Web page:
Wearable sales are expected to decline after 2018. Between their high expense, coupled with the expense of other tech devices and with a diminishing market on top of all that, wearables could be dying a slow death. Market analysts predict minor gains in 2018. Anticipated sales are expected to increase by 11.9 percent but after 2018 gains will decrease steadily.
The causes behind declining consumer interest in wearables are primarily financial. Smart watches, for example, cost hundreds of dollars yet they do not match smartphones when it comes to capabilities. As smartphone prices continue to climb upwards of $1,000 for high-end models, tech users do not have enough cash to spend on lesser quality devices.
This brings up another issue and that’s market saturation. As pointed out in Wired report on the impact of wearables, devices like smartwatches never experienced high growth. They were introduced roughly five years ago by various companies. First was Pebble, which has since closed down. Google’s Android watch pre-dated the much hyped and anticipated Apple Watch. As soon as gadget lovers purchased wearables, there was little to no broader consumer interest or adoption. Additionally, once wearables were purchased by their primary users, replacements were not purchased. Unlike phones, that receive a boost in sales after every upgrade, it doesn’t appear that anyone is excited about new smartwatches.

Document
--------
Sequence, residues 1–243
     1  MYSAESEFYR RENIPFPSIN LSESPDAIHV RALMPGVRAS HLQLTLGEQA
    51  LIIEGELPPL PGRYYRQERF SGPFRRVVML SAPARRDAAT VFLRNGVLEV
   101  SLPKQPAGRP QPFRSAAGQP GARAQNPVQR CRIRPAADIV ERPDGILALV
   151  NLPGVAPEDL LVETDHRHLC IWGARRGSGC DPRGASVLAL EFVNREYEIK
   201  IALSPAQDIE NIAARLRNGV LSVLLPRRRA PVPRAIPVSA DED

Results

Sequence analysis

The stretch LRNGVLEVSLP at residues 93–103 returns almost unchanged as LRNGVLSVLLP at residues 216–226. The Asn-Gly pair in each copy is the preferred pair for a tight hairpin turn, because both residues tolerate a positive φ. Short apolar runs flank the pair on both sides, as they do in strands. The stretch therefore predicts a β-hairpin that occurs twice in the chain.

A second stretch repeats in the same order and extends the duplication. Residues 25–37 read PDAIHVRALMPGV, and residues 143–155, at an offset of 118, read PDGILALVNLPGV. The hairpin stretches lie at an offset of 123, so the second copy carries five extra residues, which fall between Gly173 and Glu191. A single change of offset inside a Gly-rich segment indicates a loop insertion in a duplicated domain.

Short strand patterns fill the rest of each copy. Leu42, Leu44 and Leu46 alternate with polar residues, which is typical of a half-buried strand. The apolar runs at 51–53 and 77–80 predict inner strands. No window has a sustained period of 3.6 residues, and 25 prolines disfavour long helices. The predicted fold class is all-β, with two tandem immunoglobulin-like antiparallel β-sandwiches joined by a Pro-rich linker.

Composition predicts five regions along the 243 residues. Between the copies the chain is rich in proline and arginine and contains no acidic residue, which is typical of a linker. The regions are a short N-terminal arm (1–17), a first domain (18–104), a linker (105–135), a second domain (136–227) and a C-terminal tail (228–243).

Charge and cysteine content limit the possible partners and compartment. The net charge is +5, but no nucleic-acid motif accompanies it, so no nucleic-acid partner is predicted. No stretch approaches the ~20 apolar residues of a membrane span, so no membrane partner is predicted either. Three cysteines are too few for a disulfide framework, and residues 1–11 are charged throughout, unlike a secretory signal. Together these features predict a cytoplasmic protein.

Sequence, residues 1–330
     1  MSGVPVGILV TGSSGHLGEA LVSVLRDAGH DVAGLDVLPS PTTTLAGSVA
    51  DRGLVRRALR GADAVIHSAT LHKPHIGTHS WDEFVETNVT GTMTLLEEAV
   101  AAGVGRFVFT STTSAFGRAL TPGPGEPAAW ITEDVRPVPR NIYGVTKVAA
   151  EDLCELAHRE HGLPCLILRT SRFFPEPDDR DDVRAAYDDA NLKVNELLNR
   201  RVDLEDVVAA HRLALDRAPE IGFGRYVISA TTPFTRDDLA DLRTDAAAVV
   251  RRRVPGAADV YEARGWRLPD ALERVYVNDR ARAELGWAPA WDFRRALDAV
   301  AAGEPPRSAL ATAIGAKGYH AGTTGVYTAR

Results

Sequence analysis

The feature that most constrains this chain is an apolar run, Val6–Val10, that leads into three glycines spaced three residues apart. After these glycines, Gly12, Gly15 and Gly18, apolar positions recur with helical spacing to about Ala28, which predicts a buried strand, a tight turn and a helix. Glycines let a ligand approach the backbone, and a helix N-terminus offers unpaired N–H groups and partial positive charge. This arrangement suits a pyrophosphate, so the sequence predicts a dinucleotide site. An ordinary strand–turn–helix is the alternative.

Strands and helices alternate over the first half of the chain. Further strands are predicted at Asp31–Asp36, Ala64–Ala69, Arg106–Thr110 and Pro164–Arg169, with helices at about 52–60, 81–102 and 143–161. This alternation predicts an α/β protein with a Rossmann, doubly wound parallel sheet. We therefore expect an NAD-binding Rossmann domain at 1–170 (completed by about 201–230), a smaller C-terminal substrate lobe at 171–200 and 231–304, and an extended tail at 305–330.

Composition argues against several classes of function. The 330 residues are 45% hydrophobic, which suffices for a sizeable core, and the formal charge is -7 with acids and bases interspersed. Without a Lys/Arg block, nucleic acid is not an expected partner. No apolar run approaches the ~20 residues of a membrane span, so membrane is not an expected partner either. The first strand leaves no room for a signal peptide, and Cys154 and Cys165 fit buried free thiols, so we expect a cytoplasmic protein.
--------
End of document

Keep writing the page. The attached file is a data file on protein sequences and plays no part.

This brings the story back to finance. Apple, Google and others are equipping wearables with more features and capabilities in an attempt to lure more consumers into the products. But these upgrades also increase the device’s price, making them even less attractive.
Fitness trackers like Fitbit continue to sell but not at the same rate as they had when they were first introduced. In addition, their price points are decreasing. Marketers predict that any growth at all in wearables will be found in the low-end fitness tracker market. Once this occurs, higher end companies will likely lose interest in wearables.